Online Event: The 19th Amendment 100 Years Later: A Conversation with Valerie Jarrett
August 3, 2020
Kathleen Hicks: Good afternoon, everyone. Thank you so much for joining us today for this special Smart Women, Smart Power event as we continue celebrating five (areas ?) of smart and powerful conversations that amplify the voices of women.
2020 is also the 100th anniversary of the 19th Amendment that gave women the right to vote. Excuse me. And joining us today to talk about the importance of voting and her efforts to increase voter participation is Valerie Jarrett, board chair of the When We All Vote organization and co-chair of The United State of Women.
Ms. Jarrett will be joined today by Beverly Kirk, director of the Smart Women, Smart Power Initiative here at CSIS.
The Smart Women, Smart Power speaker series is possible thanks to our founding partner, Citi. We’re grateful for Citi’s continued support. And it’s my pleasure to welcome Candi Wolff, head of – excuse me – global government affairs at Citi.
Candida Wolff: Thank you, Kath. And thank you all for joining us today for this online series for Smart Women, Smart Power in our new virtual format.
I think for those of you who have had a hand in planning all of these events, particularly at CSIS and in particular in this very event-driven town, there are some advantages that I think we’ve found to the virtual events. We can draw some fantastic speakers, like the one we have today in Valerie Jarrett, and also be able to have more attendees. And so I want to thank all of you for joining us and in particular shout out to the number of Citi attendees today.
In a few minutes Bev will introduce our guest speaker, but I wanted to welcome Ms. Jarrett to the Smart Women, Smart Power stage as we get to commemorate the 100th anniversary of the 19th Amendment. Citi’s been around for more than 200 years and seen a lot of historic milestones in that timespan, but I think this has to rank as pretty high among them in terms of impact. But even a hundred years later it’s clear that we still have work to do, not only in terms of gender equality but, as the killing of George Floyd revealed, race equality as well.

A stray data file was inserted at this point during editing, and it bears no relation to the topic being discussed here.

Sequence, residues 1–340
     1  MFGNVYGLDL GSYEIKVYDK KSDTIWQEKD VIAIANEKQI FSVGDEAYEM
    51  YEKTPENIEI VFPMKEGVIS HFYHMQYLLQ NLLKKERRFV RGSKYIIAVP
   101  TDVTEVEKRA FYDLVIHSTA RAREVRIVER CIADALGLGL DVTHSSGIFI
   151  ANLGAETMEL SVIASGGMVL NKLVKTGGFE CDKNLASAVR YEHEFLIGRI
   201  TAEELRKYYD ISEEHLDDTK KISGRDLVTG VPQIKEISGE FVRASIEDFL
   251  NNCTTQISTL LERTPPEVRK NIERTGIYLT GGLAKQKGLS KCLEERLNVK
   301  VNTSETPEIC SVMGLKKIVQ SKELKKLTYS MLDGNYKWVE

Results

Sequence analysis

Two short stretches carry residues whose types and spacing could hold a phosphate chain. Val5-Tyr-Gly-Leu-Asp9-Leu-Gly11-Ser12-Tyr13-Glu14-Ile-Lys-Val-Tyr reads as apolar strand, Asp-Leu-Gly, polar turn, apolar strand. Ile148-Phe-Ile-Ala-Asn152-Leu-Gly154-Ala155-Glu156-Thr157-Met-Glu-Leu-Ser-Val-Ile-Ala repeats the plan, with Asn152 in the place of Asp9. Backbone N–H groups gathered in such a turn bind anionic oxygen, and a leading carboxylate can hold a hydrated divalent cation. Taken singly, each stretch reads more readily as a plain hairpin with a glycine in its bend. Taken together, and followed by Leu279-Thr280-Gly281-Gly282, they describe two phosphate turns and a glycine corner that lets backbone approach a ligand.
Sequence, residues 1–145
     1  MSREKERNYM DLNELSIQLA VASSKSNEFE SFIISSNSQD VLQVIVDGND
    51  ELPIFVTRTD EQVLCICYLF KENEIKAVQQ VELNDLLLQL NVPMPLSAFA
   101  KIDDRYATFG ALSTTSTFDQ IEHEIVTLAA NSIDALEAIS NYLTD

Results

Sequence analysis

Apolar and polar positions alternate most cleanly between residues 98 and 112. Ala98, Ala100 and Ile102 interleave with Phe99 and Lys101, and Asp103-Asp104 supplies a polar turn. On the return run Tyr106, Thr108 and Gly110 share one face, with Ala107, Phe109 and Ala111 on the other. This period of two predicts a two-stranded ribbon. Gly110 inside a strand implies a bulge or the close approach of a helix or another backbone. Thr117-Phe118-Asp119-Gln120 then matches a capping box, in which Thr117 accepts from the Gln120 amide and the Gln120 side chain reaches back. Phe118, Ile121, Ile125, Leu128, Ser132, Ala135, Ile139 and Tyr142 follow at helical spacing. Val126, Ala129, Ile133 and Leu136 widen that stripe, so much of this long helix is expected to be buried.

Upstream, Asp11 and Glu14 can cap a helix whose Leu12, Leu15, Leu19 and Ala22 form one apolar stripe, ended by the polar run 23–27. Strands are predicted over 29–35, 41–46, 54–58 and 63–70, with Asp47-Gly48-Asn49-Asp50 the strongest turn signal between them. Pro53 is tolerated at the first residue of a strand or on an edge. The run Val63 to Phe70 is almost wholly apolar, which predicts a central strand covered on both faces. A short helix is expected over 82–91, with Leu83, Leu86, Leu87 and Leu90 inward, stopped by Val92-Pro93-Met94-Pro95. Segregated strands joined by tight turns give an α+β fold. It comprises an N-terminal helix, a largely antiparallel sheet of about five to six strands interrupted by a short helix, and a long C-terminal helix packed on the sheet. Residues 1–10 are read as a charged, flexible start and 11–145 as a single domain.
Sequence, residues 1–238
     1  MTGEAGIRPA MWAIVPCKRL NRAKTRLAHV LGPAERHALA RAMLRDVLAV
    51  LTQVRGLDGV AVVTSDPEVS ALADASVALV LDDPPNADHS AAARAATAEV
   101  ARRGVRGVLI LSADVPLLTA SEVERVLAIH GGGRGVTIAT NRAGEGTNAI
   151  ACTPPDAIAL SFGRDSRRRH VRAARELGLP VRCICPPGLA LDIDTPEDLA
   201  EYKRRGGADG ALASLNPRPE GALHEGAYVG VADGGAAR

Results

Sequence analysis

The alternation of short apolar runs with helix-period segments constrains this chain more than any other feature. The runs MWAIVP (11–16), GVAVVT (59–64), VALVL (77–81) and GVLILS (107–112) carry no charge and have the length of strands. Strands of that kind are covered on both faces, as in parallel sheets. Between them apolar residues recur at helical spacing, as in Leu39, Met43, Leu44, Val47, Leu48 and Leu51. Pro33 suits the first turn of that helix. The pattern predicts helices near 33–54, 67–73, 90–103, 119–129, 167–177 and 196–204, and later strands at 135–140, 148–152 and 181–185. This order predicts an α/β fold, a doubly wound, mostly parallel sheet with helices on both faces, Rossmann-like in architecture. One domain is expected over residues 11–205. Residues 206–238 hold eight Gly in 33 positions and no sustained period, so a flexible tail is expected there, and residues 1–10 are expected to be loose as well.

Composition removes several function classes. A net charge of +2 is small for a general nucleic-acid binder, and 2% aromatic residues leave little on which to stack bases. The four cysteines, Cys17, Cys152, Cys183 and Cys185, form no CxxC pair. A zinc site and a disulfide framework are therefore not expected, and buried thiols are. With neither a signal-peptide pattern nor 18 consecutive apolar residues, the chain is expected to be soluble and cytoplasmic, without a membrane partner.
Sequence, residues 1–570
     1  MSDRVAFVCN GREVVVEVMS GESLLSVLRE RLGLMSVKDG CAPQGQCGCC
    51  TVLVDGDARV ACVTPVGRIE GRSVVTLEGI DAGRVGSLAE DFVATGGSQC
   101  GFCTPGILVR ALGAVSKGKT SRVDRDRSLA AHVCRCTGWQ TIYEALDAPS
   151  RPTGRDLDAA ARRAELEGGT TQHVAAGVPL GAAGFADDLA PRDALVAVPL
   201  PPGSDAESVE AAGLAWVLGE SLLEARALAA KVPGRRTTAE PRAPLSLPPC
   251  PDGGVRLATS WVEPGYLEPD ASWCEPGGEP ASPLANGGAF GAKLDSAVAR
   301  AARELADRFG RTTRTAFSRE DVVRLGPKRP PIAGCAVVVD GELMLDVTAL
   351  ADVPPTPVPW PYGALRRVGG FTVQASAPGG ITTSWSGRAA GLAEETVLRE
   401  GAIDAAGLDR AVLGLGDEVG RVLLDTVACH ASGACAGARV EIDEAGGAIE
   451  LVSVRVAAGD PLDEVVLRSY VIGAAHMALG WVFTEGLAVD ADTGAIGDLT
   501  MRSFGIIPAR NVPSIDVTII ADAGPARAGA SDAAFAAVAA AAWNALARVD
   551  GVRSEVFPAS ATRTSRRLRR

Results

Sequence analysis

A couple of years ago at Citi we started talking more openly about our own room for improvement when it comes to equity for women and African American representation in the firm. We became the first bank to disclose our unadjusted, or raw, gender pay gap, which revealed a lack of representation among women at the highest levels of our firm. The numbers also showed a lack of Black employees in the most senior positions.
To rectify these inequalities, we set public goals to increase our representation of women and Black employees going forward. These goals started a more transparent conversation about where we stood as a firm, and milestones like the anniversary of women’s suffrage offer another opportunity to continue the dialogue about the integral role that women play in our democratic society.